GALLE, Sri Lanka, Jan. 17 -- On the final leg of a short trip through South Asia, Deputy Defense Secretary Paul D. Wolfowitz visited U.S. Marines here Monday and witnessed firsthand how quickly Sri Lanka has been able to regain its footing after the tsunami.
He said the island nation had reached the point where it might no longer need U.S. military help. "It was a pleasant surprise in Sri Lanka that they're in the reconstruction phase already," Wolfowitz told reporters traveling with him aboard a C-17 military aircraft.
U.S. Deputy Defense Secretary Paul D. Wolfowitz talks with tsunami survivors in Galle in the southern part of Sri Lanka. Wolfowitz said the island might no longer need U.S. military help.
He said he was awed by the destruction in Indonesia, where relief efforts would take longer, but was encouraged by the way nations had come together throughout the region to help people in need. "It's a platform from which other things can be accomplished," he said.
After visiting Thailand, the tattered coast of Indonesia at Banda Aceh, then Sri Lanka, Wolfowitz said the scale of the tragedy was "really just unbelievable."
Referring to long-running conflicts in areas of Sri Lanka and Indonesia that were hit by the tsunami, Wolfowitz said at a news conference in a hotel here Monday, "When people face a disaster of this kind and see help coming from the government and help coming from outside, hopefully they realize the stakes for which they're fighting are trivial in comparison."
In Sri Lanka, the U.S. military -- represented by about 700 Marines in the west and the south -- has carefully avoided more than half of the island so as not to run into the Liberation Tigers of Tamil Eelam, a guerrilla movement of the ethnic Tamil minority that controls large chunks of the north and east. Instead, forces from several other countries, chiefly nearby India, are working in areas controlled by the guerrillas.
The group, known as the Tamil Tigers, has sought an independent homeland since 1983 in a conflict that has claimed more than 60,000 lives. A cease-fire took effect in 2002. The group is considered a terrorist organization by the U.S. government.
Across the region hit by the disaster, the U.S. military has been needed primarily for cargo helicopters that have been operating off sea-based ship formations, a resource that was largely unavailable from other nations contributing to the disaster relief effort. In Indonesia, many parts of Aceh province are unreachable by ground, and the helicopters are in some cases the only viable option for delivering supplies. Wolfowitz said U.S. helicopters had run 1,500 missions in the past two weeks, delivering more than 3 million pounds of relief supplies.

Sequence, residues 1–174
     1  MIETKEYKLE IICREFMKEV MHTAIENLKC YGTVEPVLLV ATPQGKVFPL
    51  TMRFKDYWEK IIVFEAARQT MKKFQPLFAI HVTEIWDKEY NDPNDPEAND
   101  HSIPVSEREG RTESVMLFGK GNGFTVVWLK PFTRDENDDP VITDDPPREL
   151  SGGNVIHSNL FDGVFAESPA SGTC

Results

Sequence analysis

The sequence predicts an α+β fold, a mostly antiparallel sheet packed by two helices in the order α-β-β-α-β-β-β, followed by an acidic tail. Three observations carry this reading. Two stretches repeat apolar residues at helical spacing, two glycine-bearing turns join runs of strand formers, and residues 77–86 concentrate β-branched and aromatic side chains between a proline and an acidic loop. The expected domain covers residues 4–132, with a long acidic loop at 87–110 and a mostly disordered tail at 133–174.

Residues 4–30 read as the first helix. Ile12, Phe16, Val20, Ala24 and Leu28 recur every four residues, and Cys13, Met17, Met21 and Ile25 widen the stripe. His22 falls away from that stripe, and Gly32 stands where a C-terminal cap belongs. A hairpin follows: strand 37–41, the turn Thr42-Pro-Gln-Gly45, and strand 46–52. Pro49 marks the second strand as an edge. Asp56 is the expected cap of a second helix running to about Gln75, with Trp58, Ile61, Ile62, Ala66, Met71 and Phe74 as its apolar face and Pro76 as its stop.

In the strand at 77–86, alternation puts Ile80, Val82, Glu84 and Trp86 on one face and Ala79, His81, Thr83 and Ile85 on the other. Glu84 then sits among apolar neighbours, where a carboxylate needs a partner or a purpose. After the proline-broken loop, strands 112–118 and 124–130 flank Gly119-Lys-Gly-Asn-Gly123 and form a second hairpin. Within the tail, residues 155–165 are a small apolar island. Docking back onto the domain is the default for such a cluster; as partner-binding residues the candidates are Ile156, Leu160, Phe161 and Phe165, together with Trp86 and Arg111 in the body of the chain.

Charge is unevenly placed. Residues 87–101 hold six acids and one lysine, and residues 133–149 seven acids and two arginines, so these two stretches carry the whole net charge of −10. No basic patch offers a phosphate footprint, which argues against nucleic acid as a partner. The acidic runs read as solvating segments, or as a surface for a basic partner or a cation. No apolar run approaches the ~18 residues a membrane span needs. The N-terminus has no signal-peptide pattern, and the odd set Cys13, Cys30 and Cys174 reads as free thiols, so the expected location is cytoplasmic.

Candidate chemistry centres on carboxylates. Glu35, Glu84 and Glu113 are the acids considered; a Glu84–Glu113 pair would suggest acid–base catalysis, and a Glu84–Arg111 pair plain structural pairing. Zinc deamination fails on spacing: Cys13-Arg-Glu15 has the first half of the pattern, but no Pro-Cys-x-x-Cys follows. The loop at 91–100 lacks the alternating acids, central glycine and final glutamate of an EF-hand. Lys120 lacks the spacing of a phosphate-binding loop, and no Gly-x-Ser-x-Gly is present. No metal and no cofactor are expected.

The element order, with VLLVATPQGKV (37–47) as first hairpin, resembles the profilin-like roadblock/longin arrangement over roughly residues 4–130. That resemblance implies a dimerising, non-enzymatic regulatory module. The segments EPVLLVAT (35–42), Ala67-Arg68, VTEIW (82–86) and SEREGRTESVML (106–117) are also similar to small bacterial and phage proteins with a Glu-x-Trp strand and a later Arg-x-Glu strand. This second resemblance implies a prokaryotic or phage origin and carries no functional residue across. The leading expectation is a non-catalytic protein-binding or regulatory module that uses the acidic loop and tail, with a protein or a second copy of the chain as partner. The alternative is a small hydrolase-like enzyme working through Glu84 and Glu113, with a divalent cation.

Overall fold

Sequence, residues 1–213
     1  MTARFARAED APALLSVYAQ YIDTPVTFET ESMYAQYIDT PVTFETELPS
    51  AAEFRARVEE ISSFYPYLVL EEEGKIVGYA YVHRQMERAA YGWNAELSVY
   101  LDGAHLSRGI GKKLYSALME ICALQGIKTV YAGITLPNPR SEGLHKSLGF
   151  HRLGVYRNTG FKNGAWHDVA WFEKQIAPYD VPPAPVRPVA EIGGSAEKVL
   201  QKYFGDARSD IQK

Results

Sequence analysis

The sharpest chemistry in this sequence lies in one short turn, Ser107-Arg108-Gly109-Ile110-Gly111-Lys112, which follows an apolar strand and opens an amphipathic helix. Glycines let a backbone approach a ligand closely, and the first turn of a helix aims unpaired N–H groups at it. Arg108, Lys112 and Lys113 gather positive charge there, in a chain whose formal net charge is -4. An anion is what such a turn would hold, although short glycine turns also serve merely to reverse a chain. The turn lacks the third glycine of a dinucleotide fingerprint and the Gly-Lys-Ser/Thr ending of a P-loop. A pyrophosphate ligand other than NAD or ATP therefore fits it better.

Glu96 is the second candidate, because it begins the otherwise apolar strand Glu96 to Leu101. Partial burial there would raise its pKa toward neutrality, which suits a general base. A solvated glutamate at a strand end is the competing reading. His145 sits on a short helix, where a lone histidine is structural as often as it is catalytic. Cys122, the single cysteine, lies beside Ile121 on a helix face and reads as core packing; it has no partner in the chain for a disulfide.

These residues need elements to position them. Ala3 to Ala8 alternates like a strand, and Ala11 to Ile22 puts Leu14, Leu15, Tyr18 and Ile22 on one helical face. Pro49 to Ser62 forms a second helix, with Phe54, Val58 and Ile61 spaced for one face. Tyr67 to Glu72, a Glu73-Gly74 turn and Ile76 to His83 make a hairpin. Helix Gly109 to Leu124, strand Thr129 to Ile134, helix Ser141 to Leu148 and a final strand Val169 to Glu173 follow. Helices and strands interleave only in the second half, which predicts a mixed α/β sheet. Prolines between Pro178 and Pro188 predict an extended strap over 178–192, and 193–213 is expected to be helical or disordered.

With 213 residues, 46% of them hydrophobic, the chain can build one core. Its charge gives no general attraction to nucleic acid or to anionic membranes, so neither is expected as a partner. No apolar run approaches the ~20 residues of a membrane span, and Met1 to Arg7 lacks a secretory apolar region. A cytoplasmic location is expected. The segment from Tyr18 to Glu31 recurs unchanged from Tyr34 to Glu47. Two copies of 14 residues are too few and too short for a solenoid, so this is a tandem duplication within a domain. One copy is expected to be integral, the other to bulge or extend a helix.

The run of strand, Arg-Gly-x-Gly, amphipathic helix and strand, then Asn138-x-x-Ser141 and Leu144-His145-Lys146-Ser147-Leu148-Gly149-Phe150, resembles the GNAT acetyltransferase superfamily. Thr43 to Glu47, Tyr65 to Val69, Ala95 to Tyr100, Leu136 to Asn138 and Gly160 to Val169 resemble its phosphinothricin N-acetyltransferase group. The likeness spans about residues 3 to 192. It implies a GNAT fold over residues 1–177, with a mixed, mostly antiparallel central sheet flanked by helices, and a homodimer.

But Wolfowitz said this was "not an efficient way" to reach victims, so engineers are working to restore bridges and roads so trucks can get in to help. In addition, the United States has eased restrictions for dealing with the Indonesian military, opening the way for delivery of parts to refurbish the nation's fleet of C-130 cargo planes. On Monday morning, Wolfowitz watched U.S. soldiers alongside Indonesian technicians using the parts to fix the aircraft at a hangar in Jakarta.
Part of Wolfowitz's message over the weekend was the importance of helping other nations build militaries that can handle natural disasters on their own. He praised Thai and Sri Lankan officials for their efforts.
Thailand and Sri Lanka, which are both U.S. allies, train with U.S. forces, and Bangkok offered a coastal base in U Tapao for the regional tsunami response. Indonesia's military has been beset by problems.
Wolfowitz has been trying to open the door to a closer relationship, but there has been resistance in Congress because of alleged human rights abuses by the Indonesia military, especially in Aceh province, where it is fighting a separatist rebel movement.
On Monday in Sri Lanka, Wolfowitz visited a school complex in Galle. He spoke with Marines and local residents, watching as crews dug into the earth where a new building will go.
"We're making a real difference here," said Sgt. Seth Williams, 24, of Indianapolis, who with fellow Marines is doing engineer work to help rebuild this village. "There are a lot of people needing a lot of help. It feels good that the people are happy as can be that we're here."